Last week, President Barack Obama and Governor Mitt Romney went head-to-head in the first presidential debate of the season. Anyone watching can attest that the entire broadcast was atrociously lacking in rhetoric and structure. One candidate went in circles around the other and the moderator. Repeat with second candidate. Repeat the cycle.
It’s like when Kanye West interrupted the VMA awards. If it were put on a 90 minute loop.
Even more disturbing was the fact that neither of the grown educated men running for a presidential term have mastered the basic literacy skill of taking information and putting it into a concise, two-minute summary. That’s a skill that I would like our Commander in Chief to have mastered.
On Thursday, we’ll get to watch the Republican and Democratic vice presidential candidates run the same circles, show the same disrespect and grossly overstep time limits in the same manner. I predict it will be an almost identical debate.
We need to make the debates more of a dialogue focusing on the various choices of what policies a person’s vote would result in, and less of an incoherent circus of meaningless chatter.
The debates should be a useful and influential tool in educating voters on candidate platforms. Instead the debates are a mess, and the one-on-one nature of these debates lies at the core.
I see one viable solution to this problem—open up the debates to include third-party candidates.
Of course, allowing any man who puts a boot on his head and declares himself to be a presidential candidate (I’m looking at you, Vermin Supreme) to join the debates is not the solution. There needs to be a bit of selectiveness to the process, while still being as fair and inclusive as possible.
It takes 270 of the 538 possible electoral votes to win the presidential election. Any candidate that is on enough state ballots to hypothetically win 270 electoral votes should be invited to join the debates.
For the 2012 election that would mean Republican Mitt Romney, Democrat Barack Obama, Libertarian Party candidate Gary Johnson (who has access to 515 electoral votes) and Green Party candidate Jill Stein (447). All four have a hypothetical shot at winning the presidency, and therefore should be allowed to inform the public about what they would do if put into the Oval Office.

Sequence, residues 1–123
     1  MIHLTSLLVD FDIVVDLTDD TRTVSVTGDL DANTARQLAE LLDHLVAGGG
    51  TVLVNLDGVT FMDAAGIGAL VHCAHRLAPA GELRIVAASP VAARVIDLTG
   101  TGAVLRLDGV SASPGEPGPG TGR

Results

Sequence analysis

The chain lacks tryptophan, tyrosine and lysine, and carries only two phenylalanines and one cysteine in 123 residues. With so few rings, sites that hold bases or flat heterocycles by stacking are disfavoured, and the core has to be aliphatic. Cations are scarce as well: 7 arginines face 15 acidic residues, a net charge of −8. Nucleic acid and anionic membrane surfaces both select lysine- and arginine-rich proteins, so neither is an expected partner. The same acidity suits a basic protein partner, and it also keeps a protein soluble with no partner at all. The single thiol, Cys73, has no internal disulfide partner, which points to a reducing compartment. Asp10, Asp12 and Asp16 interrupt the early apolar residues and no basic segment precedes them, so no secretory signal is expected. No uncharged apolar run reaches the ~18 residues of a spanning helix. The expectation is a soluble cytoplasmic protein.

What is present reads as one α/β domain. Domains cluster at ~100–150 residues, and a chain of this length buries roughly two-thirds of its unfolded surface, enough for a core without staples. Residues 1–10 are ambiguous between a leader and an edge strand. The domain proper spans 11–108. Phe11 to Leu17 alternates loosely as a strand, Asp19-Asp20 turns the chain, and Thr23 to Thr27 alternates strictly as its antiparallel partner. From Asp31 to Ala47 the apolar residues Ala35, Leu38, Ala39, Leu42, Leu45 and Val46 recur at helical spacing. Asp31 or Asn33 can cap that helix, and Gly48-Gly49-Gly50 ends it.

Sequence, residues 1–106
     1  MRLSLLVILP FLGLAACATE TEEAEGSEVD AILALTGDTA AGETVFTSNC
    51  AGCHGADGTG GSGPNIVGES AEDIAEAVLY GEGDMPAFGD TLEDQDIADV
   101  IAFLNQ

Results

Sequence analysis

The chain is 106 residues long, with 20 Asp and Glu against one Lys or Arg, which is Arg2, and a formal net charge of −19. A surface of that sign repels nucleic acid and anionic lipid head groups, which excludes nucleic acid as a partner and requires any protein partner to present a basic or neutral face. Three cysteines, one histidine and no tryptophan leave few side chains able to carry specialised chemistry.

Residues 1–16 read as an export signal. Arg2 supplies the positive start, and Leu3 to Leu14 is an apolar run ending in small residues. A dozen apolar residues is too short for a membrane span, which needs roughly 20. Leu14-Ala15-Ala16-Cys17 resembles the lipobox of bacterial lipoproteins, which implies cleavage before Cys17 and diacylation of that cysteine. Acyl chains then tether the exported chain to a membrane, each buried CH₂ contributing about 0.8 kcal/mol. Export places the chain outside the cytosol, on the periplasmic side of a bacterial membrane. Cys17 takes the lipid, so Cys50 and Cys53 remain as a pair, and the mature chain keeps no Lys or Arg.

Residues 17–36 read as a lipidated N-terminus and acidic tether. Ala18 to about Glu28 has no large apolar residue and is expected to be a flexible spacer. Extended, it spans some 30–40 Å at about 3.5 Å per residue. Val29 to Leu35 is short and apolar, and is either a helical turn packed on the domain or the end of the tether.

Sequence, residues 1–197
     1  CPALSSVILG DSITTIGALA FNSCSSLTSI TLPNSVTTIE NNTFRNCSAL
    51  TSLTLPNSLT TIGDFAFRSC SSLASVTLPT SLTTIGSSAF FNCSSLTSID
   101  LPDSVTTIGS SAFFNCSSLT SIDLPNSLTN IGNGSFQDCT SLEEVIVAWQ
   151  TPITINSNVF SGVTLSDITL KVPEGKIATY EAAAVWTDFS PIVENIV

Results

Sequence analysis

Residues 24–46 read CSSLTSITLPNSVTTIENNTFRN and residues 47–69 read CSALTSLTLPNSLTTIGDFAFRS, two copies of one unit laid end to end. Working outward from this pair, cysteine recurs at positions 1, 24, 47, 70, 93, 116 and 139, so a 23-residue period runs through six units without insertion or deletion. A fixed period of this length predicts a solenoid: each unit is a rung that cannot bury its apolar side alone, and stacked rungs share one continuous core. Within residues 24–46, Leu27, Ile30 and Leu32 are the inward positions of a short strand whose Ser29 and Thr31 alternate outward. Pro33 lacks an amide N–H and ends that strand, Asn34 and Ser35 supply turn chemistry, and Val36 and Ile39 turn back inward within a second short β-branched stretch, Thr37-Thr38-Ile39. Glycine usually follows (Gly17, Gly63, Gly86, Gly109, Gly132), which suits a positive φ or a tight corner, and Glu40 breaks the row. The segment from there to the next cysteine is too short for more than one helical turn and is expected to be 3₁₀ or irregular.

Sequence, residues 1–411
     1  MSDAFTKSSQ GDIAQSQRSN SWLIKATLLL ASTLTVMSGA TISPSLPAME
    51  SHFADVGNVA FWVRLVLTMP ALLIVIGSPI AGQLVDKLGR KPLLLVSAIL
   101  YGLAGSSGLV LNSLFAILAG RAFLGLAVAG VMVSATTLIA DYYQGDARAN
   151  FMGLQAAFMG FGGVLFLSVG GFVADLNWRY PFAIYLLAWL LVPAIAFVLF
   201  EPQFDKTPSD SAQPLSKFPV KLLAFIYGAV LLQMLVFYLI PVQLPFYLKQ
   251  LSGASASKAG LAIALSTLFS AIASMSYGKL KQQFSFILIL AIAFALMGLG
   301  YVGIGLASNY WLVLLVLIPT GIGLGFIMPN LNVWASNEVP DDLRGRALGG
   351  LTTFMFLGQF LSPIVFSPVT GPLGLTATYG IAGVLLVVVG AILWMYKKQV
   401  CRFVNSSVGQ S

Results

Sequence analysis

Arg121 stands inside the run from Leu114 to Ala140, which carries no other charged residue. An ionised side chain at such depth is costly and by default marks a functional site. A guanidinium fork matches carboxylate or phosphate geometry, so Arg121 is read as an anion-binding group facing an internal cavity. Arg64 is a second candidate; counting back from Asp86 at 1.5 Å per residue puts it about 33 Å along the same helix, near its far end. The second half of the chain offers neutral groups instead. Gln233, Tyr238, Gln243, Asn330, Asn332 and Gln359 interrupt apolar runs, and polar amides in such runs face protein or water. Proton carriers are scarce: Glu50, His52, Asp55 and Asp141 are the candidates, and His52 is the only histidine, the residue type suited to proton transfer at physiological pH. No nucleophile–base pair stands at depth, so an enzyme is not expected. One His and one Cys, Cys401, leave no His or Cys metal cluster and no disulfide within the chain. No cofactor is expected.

Not only would this change make the debates less of a pissing contest between two people, but it would be more ethical and lawful of the CPD.
The Commission on Presidential Debates, or CPD, is a non-profit, non-partisan 501(c)(3) corporation. This earns them a tax-exemption status equal to that of churches and charitable organizations. The IRS website states that an organization of this status “may not attempt to influence legislation as a substantial part of its activities and it may not participate in any campaign activity for or against political candidates.”
By barring viable third parties from participating in the debates, the CPD is putting restrictions on which candidates voters get access to educating themselves about. Omitting information from the public is a form of influencing legislation. Allowing just the two major parties to debate is a form of advocating for those political candidates.
Of course, some deceitfully inclusive guidelines regarding who can debate do exist. In 2000, the CPD established a rule that any candidate had to poll at least 15 percent across five national polls in order to debate.
This is problematic because in order for the nation to say who they are voting for in the polls, they need to be educated about which candidates are running. Voter education is greatly influenced by the media. Media bias prevents information from reaching voters.
This media bias creates a nasty cycle of education gaps and preferential treatment to Republicans and Democrats, simply because they are bigger names.
This is not just.
The CPD should accommodate to be as unbiased as possible with the debates. Redefining the guidelines regarding who can debate will result in the debates becoming more poignant, ethical and dignified affairs. Both on stage and from a behind-the-scenes legal business practice perspective.
Anna Mitchell is a junior liberal arts major. Her columns appear Wednesdays in the Collegian. Letters and feedback can be sent to firstname.lastname@example.org.